Help for how to run LISP on the WPI computersGet an account on WPI. Access WPI using SSH via your ISP. ______________________________________________________________________________
* Lisp on wpi.wpi.eduLog on to wpi.wpi.edu To run commonLISP type: gcl Use the function (bye) to return to the Unix prompt. _________ Log on to wpi.wpi.edu To run commonLISP type: canlisp It's unclear what function to use to return to the Unix prompt. There do not seem to be any man pages. ______________________________________________________________________________
* Lisp on the CS machine called csrlog to cs.wpi.edu To run commonLISP type: acl This is Allegro Common LISP version 6.2, with Common Windows, the Composer environment & CLOS. Use the function (exit) to return to the Unix prompt. Documentation is available at /usr/local/acl62/doc/.
The Index to all Documentation: file:/shared/linux/acl62/doc/index.htm Details of The Emacs-Lisp Interface: file:/shared/linux/acl62/doc/eli.htm See /usr/local/acl62/doc/basic-lisp-techniques.pdf for a LISP book. ______________________________________________________________________________
* Scheme on wpi.wpi.edujust type scheme or drscheme ______________________________________________________________________________
* Scheme on cs.wpi.edujust type drscheme ______________________________________________________________________________
* Investigate!!Some lisps allow you to type: (help) to get a little help. Investigate the dribble function -- useful for keeping record of runs Investigate the eval fn. Investigate the defun fn Investigate the load fn -- useful for defining lots of fns Basic functions include: cons car cdr null eq equal cond if read and some fns for output. Use the fn (bye) (quit) or (exit) to get out of LISP. Once you've seen the basic functions also learn these functions to get started on project 1. ______________________________________________________________________________ PLAY WITH LISP to get to know it -- it's fun! A program is a collection of fns. Use the topmost fn to run the program. Prepare files with fns in them, using an editor, and load those files into LISP. That automatically defines the fns -- ie. LISP now knows they exist. Try using emacs, and do <escape> x shell to get a copy of the unix shell running inside emacs, then run LISP do your stuff. Leaving emacs and saving the file gives you a transcript of the LISP session. Magic. ______________________________________________________________________________ Use the init.lsp file that's available on the web. If you put it in your directory and start up some lisps (which?) it will get loaded automagically. Add or delete functions yourself. After loading init.lsp you can then use emacs (or vi) by typing (emacs "file.lsp") to edit file.lsp. Then use (load "file.lsp") to reload the corrected version. (emacs-load "file.lsp") provides emacs followed by an automatic load of the corrected file. ______________________________________________________________________________ Remember that as a LIST is the basic data structure, and that functions are also lists, then one can read, construct, and evaluate (using Eval) functions. This may be useful. Work with lots of small functions. Build fns out of fns. Think of your program in layers. The lowest level is basic lisp fns. That isn't the language in which you want to write your program! You want to write it in a language that uses the terminology of your problem. For example, for a project about rules, instead of something like (caar xz) you'd be better off writing (GetLHSofRule CurrentRule) -- i.e., create a new language level in which to write your interpreter! So functions such as TestRule and ExecuteAction might be included in this language in which to write your interpreter. ______________________________________________________________________________ Right now the CS grad machine, known as CS.wpi.edu, runs LISP. It should work just fine. All CS grad students should already have accounts on that machine.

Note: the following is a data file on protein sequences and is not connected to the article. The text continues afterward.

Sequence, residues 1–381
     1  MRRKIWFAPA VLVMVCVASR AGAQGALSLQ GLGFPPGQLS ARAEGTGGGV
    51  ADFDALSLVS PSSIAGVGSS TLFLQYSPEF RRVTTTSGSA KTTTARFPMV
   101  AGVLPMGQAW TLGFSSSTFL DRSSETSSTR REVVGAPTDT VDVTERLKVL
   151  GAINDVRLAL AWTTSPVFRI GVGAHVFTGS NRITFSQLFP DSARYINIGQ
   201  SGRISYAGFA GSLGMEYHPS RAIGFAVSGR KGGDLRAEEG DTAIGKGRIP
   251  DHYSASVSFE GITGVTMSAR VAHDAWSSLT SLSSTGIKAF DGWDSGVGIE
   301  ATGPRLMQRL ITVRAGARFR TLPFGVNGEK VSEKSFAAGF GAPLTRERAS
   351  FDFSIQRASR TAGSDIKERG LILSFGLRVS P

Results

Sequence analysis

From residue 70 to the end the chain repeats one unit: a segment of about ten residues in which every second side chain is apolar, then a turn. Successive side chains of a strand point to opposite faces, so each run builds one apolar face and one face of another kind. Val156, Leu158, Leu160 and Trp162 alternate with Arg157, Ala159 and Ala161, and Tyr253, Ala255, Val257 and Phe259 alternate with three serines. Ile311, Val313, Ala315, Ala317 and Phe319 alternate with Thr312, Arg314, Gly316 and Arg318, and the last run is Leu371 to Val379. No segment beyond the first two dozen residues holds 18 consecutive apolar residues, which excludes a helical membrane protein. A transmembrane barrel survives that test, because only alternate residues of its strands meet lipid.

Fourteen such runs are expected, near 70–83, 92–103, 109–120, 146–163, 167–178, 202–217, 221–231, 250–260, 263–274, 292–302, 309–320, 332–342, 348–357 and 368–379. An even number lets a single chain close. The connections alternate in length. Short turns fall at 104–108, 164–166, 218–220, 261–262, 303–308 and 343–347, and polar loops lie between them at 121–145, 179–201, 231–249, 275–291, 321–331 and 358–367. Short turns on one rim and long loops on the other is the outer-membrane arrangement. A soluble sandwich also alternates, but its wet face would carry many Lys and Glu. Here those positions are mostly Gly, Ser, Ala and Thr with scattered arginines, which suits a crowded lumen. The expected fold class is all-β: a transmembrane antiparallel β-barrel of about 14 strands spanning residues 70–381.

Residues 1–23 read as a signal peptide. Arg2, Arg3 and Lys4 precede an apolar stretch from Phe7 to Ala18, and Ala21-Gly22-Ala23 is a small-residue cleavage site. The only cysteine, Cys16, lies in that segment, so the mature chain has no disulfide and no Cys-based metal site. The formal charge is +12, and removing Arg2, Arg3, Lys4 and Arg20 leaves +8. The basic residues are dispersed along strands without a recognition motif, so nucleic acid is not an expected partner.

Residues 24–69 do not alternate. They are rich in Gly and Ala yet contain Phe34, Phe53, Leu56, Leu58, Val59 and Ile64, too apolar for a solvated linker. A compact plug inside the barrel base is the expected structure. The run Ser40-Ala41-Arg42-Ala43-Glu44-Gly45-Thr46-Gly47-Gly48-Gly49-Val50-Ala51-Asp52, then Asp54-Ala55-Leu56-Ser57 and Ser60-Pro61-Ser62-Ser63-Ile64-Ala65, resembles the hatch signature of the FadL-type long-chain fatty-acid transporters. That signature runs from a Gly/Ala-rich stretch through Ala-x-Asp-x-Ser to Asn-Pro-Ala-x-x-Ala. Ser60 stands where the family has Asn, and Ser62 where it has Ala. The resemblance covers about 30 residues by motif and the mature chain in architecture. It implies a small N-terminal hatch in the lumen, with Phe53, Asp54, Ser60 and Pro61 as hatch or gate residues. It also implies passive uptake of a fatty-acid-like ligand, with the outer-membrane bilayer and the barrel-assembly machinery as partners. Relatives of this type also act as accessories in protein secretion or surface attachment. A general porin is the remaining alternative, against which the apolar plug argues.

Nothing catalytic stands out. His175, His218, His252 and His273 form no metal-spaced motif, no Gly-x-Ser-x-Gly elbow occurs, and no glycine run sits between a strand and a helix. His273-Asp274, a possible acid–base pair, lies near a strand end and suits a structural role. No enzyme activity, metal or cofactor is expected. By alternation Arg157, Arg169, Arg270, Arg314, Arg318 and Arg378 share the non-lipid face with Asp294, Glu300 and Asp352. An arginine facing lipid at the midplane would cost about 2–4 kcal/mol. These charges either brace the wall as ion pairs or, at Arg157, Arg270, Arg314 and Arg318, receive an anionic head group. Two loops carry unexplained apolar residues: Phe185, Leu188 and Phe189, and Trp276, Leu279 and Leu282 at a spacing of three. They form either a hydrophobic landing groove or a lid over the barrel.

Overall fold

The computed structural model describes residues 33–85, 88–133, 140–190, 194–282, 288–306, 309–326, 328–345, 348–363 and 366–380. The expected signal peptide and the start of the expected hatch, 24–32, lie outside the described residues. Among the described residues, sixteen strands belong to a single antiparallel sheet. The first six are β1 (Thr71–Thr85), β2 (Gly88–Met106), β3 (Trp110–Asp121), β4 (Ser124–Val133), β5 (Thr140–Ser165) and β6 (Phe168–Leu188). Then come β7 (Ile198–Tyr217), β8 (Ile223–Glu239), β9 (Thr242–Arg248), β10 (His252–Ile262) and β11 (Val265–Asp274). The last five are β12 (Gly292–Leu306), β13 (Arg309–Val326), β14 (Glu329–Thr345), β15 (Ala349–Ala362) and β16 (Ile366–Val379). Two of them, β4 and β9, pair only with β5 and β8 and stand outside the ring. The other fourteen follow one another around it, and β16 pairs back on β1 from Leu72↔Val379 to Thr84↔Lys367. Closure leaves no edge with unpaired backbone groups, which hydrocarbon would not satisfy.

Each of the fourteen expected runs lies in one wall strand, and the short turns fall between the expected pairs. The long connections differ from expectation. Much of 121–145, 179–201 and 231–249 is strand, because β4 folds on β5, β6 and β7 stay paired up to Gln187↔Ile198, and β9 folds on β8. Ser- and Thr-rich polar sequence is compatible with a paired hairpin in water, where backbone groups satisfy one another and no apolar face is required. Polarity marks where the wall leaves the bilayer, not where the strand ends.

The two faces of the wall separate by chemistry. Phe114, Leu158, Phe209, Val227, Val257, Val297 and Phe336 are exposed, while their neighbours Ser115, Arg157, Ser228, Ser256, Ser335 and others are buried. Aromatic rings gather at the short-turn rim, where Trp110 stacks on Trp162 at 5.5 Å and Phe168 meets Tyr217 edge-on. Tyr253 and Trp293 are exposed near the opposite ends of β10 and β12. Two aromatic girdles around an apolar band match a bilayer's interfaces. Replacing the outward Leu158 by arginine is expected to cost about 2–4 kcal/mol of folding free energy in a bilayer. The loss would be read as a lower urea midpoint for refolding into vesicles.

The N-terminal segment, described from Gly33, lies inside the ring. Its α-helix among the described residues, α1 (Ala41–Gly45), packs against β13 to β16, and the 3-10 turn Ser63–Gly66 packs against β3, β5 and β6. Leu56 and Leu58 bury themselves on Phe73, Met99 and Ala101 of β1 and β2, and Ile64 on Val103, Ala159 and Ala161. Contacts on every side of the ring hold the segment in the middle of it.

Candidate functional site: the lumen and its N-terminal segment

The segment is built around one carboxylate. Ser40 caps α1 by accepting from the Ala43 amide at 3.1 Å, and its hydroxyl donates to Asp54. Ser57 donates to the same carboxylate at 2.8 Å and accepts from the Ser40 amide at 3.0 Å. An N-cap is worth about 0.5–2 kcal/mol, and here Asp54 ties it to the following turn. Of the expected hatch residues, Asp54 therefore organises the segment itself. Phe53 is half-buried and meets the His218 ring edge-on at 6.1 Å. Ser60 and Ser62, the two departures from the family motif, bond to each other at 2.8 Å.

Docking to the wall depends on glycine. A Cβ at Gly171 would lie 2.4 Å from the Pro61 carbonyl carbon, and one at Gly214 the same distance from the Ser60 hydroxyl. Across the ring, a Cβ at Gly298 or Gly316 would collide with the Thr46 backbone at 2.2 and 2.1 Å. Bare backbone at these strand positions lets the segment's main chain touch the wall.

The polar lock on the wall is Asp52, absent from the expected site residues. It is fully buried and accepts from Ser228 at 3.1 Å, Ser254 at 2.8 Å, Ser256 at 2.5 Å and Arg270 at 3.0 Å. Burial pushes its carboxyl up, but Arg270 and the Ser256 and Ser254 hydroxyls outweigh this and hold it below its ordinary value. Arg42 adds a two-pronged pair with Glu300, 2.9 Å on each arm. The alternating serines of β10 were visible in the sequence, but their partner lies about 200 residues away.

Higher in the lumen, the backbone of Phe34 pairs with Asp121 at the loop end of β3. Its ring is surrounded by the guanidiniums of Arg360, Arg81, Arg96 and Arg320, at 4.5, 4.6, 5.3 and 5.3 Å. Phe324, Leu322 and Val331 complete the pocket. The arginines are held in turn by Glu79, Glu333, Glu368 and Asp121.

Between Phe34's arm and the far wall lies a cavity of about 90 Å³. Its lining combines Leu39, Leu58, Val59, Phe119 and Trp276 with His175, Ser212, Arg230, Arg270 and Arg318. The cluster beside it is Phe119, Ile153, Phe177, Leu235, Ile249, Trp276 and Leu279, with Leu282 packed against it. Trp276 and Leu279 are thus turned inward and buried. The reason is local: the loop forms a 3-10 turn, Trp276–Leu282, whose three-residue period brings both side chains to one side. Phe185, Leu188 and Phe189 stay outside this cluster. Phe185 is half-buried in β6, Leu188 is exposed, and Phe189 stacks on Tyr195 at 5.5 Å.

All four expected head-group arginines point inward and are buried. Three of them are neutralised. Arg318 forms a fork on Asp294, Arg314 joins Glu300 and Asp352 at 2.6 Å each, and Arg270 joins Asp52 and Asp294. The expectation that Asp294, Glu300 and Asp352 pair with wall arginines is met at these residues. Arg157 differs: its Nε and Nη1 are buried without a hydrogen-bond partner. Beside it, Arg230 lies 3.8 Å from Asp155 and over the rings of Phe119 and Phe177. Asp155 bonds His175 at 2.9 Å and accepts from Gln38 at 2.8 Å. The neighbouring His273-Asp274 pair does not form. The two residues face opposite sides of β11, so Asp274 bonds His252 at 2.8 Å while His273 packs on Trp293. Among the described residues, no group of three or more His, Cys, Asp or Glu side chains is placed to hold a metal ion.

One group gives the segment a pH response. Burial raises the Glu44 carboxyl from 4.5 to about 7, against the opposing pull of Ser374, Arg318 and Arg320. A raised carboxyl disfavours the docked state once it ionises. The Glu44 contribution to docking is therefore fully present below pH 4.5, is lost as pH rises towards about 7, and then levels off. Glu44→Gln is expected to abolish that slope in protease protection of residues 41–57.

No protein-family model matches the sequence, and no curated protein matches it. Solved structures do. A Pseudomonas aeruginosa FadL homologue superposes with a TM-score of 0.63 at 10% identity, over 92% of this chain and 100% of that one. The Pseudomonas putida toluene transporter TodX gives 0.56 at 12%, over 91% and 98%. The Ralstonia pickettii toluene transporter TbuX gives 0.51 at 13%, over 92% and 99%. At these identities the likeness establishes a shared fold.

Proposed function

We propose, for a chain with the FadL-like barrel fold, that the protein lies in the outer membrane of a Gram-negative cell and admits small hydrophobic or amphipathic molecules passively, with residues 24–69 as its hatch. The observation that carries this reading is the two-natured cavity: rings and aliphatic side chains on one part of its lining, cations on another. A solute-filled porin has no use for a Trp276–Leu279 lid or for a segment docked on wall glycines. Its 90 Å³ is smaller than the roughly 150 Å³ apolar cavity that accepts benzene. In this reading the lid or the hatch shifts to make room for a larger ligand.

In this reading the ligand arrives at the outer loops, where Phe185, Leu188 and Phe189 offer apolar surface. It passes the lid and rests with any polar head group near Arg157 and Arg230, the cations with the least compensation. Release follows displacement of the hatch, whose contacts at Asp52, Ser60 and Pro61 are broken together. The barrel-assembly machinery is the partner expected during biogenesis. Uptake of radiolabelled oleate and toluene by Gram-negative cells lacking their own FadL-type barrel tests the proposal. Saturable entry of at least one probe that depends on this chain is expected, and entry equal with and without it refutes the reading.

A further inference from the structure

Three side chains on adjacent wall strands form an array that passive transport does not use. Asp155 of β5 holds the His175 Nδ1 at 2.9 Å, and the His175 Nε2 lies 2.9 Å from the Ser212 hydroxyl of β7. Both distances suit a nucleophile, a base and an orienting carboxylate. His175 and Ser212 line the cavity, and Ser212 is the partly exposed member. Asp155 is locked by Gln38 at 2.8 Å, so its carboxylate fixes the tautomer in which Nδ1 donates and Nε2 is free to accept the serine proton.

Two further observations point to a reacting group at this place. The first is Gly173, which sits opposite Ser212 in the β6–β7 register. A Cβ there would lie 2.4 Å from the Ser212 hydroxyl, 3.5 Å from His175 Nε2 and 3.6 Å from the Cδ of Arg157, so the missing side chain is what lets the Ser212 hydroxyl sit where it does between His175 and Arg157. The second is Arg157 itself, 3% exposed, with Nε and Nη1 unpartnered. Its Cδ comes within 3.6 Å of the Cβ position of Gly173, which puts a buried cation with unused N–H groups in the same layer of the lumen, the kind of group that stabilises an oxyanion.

Tue Nov 11 16:32:05 EST 2003